Shop: Hit Billy Reid for luxe preppy fashion, and Hatch Show Print for hand-screened posters like those that touted vaudevillians and Opry stars.
Events: Robert’s Western World downtown is the ultimate honky-tonk, where live bands lure both hipsters and white-haired sweethearts onto the dance floor. With its boot-lined walls and top-notch musical lineup, it imbues its tourist-addled street with authenticity.
Eat: Hot spots have popped up as fast as chefs’ James Beard Award nominations. Rolf and Daughters is the Germantown brainchild of Philip Krajeck, who has garnered multiple nominations. The menu of rustic Italian fare emphasizes house-made doughs, seasonal produce and whole-animal butchery.
Drink: No. 308 pairs mixology with what many Nashvillians crave: a chill vibe. And Pinewood Social adds six reclaimed wood bowling lanes to its ambience.
Stay: Architect Nick Dryden coaxed the 404 Hotel’s five rooms out of a mechanic’s garage to create this cozy downtown nest, which offers Sferra linens and Malin + Goetz toiletries.
See: Galleries in the Wedgewood-Houston Arts District, including Sherrick & Paul and David Lusk, are the latest in the ever-growing art scene.
Shop: Imogene + Willie is the go-to for custom-fitted jeans. At Wilder, one finds Electra Eggleston home fabrics, inspired by photographer William Eggleston’s drawings. And a guy can’t get the Nashville look without a handmade Otis James bow tie.
Events: For the lucky few, the hot ticket is a live show at Jack White’s Third Man Records, one of dozens of recording studios in the hip enclave of East Nashville. Various acts from White’s label have played on its stage, including Alabama Shakes, Flat Duo Jets and The Kills.
RETAIL AND BUSINESS SCENE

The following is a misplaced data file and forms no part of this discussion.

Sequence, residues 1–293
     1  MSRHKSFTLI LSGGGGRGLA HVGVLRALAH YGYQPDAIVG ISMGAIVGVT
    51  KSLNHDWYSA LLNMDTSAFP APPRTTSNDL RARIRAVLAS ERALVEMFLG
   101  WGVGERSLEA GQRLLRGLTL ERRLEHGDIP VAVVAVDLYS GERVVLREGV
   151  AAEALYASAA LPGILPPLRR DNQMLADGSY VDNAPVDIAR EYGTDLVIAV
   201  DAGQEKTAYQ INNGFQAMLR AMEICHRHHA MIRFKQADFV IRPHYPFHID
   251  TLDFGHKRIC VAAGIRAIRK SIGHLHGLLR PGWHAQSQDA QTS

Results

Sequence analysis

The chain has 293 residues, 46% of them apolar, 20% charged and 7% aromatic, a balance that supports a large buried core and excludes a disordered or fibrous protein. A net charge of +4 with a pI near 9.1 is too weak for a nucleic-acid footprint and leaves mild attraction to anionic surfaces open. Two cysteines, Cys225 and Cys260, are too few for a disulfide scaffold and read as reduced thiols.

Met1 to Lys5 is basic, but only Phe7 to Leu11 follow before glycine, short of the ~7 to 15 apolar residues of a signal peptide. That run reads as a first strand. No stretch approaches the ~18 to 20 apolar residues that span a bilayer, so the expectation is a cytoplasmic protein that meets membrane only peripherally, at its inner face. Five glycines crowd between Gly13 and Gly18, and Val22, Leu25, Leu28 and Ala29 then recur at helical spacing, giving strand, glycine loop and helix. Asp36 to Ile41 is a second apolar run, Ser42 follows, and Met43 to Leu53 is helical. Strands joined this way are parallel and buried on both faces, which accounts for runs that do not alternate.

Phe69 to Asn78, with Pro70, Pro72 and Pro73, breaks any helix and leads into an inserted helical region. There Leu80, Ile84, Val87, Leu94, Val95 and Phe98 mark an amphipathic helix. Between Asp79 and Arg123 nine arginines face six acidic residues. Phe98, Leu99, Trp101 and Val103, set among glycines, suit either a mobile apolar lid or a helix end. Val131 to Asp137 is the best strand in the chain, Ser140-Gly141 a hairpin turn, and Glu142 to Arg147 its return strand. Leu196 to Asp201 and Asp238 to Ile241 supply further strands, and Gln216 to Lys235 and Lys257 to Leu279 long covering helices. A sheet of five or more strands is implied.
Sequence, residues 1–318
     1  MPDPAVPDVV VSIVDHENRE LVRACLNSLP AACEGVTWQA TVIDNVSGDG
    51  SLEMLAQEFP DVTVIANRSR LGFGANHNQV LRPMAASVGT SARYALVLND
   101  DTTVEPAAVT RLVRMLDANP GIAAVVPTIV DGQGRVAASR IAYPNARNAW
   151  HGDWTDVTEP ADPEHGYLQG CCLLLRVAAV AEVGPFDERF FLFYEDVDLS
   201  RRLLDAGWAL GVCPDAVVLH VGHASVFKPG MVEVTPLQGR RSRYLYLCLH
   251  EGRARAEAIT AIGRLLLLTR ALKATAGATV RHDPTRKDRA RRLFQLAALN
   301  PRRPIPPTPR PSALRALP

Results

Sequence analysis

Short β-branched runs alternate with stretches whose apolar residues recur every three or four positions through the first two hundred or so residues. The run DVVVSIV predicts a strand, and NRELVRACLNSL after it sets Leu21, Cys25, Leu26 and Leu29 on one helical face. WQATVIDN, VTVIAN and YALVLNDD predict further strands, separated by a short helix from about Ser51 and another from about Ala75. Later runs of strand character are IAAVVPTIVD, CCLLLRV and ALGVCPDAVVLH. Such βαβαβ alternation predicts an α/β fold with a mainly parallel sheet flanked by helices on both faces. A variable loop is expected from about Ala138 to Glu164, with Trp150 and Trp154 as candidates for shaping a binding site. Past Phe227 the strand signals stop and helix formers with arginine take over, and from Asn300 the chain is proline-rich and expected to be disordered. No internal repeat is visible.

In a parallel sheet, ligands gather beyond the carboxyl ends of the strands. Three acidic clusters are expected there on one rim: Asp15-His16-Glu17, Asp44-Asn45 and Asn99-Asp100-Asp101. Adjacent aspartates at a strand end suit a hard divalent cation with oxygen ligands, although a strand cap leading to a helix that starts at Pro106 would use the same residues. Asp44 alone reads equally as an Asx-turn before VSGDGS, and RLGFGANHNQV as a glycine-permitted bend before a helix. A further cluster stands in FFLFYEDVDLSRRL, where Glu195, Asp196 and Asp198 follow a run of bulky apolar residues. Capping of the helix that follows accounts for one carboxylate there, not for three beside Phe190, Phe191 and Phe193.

A decade ago The Mall at Green Hills — Nashville’s largest upscale retail development — was lacking in luxury. Then Tiffany & Co. and Louis Vuitton opened in 2006, followed by Nordstrom in 2011. The 868,000-square-foot store has amassed enough brands to make it a true shopping destination. These include Burberry, Jimmy Choo, Kate Spade, Tory Burch, Seven For All Mankind, Tumi, Michael Kors, Coach, Omega and David Yurman. Nearby is Hill Center Green Hills, a 225,000-square-foot mixed-use development that launched in 2007. Anchored by Anthropologie and Whole Foods, it is a blend of national and independent retailers, the latter including Billy Reid, the fashion line designed by a Louisiana native.
Another indie is H. Audrey, a high-end fashion boutique from country singer Holly Williams, who opened it in 2007 “because we didn’t have very much.”
Other shops are scattered about: jeans store Imogene + Willie, in the 12 South area, was among the first to gain national interest. Now, the newly founded Nashville Fashion Alliance wants to buoy area designers. Van Tucker, chief executive officer, says it is creating a sewing training academy for underserved populations through a partnership with the Catholic Charities of Tennessee and The Housing Fund. “This is so that we can not only help those people learn a trade, but supply our industry with a skilled workforce,” she says. Nashville brands supporting the alliance include Imogene + Willie, Billy Reid, Otis James, Manuel, Valentine Valentine (by “Project Runway” alumna Amanda Valentine), Emil Erwin, Elizabeth Suzann, NISOLO and Kayce Hughes (niece of Lilly Pulitzer).